“That’s where these results now are from, these guys that have come through these various programmes,” Evans said, also pointing out that this may change in the next five years.
The WorldTour Academy Team and Mitchelton Scott development teams no longer exist. There are more limited opportunities for developing Australian road cyclists to compete in Europe through a nationally supported option, with track having become the primary focus for young riders in the national Australian development pathway. There’s also been a further impact on the ability of Australians to travel overseas through 2020 and 2021 because of the COVID-19 pandemic. The Tour de l’Avenir in August, where Australia sent a six-man squad, was the first international under-23 development project AusCycling had undertaken since the start of the pandemic.
There are, however, riders that have found other ways through in the meantime. Zwift Academy winner Jay Vine has turned his prize of a one-year contract with Alpecin-Fenix into a three-year deal. Luke Plapp, who represented Australia on the track at the Tokyo Olympic Games, signed with Ineos Grenadiers after impressing when he raced at the Santos Festival of Cycling at the start of 2021 as part of the national team, alongside Porte.
The National Road Series event was run as a replacement for the Santos Tour Down Under, which along with the Cadel Evans Great Ocean Road Race usually brings international teams and riders to Australian shores. That opportunity, however, was lost in 2020 due to the COVID-19 pandemic related cancellation of both races. The men’s and women’s WorldTour events at the Cadel Evans Great Ocean Road Race and the Santos Tour Down Under events are both in the calendar for 2022, but with a ‘date to be confirmed’ note against their entries.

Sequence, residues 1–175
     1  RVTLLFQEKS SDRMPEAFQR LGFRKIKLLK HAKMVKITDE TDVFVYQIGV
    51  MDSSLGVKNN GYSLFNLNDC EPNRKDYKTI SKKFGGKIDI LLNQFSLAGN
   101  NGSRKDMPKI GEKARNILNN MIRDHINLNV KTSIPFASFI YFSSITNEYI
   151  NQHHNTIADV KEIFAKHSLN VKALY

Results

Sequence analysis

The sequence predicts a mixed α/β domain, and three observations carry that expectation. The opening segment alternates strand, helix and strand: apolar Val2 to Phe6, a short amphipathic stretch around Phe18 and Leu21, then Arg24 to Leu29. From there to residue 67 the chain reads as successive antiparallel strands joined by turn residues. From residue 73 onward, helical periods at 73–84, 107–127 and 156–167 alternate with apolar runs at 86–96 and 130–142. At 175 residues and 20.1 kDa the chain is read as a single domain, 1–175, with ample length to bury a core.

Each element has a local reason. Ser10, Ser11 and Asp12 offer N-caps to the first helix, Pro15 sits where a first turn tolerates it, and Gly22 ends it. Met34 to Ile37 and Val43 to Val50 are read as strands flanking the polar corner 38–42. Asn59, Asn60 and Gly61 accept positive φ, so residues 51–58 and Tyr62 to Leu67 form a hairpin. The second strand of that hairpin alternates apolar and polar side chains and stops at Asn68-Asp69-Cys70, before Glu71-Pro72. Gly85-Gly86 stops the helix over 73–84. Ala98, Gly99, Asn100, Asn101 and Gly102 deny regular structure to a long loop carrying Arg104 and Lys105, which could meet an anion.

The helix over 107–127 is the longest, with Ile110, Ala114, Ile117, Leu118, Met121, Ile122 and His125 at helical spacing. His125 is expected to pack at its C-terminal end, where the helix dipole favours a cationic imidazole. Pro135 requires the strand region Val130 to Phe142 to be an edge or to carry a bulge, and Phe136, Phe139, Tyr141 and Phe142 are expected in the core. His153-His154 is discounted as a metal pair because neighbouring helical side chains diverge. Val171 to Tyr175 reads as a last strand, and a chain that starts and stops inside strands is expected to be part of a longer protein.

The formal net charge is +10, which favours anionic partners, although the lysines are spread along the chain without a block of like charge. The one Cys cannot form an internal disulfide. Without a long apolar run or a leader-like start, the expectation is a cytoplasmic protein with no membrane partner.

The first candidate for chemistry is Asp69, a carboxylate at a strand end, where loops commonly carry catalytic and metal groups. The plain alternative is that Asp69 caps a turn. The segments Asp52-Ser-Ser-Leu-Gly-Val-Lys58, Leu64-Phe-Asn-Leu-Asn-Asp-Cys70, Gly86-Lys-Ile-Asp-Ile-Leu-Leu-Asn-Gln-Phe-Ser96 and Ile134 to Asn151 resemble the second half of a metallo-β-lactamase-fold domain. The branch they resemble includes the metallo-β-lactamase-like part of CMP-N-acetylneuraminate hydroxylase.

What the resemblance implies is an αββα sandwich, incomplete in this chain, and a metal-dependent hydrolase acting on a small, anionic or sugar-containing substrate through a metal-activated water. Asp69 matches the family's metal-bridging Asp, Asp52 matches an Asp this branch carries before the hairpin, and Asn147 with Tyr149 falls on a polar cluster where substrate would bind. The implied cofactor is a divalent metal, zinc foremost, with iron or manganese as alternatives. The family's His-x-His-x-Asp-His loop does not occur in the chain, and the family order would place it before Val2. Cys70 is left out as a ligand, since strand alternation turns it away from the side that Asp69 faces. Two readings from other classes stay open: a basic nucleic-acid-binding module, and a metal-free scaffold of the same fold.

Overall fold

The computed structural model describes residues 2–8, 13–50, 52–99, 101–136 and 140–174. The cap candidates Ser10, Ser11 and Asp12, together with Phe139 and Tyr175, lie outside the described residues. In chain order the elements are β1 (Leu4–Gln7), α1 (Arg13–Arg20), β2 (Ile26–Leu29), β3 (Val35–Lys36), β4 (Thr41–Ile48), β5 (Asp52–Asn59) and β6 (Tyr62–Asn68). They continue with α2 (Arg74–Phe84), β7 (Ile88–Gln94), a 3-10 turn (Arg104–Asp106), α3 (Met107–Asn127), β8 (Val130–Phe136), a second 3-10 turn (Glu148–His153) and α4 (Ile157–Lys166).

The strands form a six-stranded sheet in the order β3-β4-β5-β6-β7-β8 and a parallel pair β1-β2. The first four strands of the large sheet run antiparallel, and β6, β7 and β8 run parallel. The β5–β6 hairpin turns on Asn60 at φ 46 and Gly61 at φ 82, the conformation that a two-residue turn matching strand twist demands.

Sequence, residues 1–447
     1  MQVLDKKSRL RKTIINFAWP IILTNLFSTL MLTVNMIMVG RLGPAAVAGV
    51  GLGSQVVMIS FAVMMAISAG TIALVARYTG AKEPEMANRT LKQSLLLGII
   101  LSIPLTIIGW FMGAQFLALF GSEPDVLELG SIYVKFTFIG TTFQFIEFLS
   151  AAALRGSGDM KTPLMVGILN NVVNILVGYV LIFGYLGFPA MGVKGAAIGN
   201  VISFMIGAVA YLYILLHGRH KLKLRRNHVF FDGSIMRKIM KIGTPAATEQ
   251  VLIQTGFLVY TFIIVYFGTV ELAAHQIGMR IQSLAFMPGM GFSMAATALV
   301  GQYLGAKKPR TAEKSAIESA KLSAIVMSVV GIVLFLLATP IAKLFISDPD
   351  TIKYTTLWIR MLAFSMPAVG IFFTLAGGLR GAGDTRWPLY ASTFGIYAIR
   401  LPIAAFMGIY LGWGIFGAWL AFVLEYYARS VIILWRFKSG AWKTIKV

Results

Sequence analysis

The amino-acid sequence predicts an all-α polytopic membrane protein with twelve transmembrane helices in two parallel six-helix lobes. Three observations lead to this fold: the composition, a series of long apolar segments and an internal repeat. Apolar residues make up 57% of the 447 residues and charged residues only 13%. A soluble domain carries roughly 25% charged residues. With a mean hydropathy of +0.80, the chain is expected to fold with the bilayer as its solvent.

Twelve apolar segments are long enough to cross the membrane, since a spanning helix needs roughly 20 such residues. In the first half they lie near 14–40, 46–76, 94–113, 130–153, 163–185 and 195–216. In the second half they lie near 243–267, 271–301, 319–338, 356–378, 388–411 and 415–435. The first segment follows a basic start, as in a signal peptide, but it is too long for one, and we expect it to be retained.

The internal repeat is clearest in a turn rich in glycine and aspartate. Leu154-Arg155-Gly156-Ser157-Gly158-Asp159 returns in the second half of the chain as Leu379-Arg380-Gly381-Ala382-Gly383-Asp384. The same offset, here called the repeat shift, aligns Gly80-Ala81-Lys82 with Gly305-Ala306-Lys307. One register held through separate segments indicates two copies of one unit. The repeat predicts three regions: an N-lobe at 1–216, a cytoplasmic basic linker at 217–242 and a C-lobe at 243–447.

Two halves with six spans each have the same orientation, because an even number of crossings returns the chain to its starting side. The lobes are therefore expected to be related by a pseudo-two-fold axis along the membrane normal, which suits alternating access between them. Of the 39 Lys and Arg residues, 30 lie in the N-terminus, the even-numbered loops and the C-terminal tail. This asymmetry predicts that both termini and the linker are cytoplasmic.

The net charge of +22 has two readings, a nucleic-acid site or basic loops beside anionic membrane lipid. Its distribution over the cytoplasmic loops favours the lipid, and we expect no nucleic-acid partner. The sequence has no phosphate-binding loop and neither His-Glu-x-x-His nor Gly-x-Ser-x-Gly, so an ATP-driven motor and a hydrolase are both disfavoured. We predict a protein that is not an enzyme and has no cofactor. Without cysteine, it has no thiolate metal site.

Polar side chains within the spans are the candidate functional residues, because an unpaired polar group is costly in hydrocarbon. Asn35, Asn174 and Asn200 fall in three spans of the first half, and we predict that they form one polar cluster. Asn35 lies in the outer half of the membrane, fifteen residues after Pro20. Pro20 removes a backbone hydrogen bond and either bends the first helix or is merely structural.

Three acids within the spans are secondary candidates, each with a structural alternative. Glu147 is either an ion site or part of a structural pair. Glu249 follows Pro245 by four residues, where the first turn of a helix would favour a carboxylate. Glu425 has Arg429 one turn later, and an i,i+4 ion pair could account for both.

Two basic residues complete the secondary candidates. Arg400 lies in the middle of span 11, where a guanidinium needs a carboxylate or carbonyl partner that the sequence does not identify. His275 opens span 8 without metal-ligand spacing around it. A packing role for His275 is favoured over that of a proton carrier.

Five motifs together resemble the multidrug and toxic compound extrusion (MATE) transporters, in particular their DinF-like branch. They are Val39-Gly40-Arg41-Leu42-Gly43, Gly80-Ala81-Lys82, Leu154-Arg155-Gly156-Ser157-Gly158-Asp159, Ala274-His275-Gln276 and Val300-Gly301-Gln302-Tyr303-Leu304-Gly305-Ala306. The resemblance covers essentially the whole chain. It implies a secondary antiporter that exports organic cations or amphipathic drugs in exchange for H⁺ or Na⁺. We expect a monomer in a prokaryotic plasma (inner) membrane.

The current crop of GC contenders also have more in common than their development pathway; they were all teenagers making those pivotal decisions about what sport they would continue to pursue and how at a time when Evans took the prized yellow jersey at the Tour de France. A nation of AFL (Australian Football League) and cricket fans were tuning into a cycling event and celebrating a home nation hero at one of the biggest sporting events in the world. Australia had become accustomed to sprint success at Grand Tours, but riding for the overall also suddenly became a more tangible dream for Australia’s aspiring young cyclists.
“I didn’t look at it that way, but hopefully I provided a little confidence boost or some inspiration,” said Evans. “I think as an athlete, that’s the greatest thing you can do and the big satisfaction you can take away from your effort.”
“I would like to think that they saw that [victory] and thought Aussies can do this, because of course when I was watching the Tour, it was Miguel Induráin, Tony Rominger and Richard Virenque.”
Now though, the number of hometown Grand Tour GC heroes to draw inspiration from has grown, with the addition of Porte, Hindley and Haig. There’s also more top-level racing to watch in Australia where fans can see riders in person, or at least watch on television as they pass on familiar roads in a family-friendly time zone. The Cadel Evans Great Ocean Road Race started in 2015, offering both a men’s and women’s WorldTour event, to add to the already existing Santos Tour Down Under.
The complete rider
It is never an easy task to make it into the ranks of professional cycling, let alone perform at the top of the General Classification. That’s something that goes beyond the obvious things like talent, being able to climb and time trial, said Evans as it is also about dealing with the pressure, the expectations and the increasingly difficult task of getting through the crashes.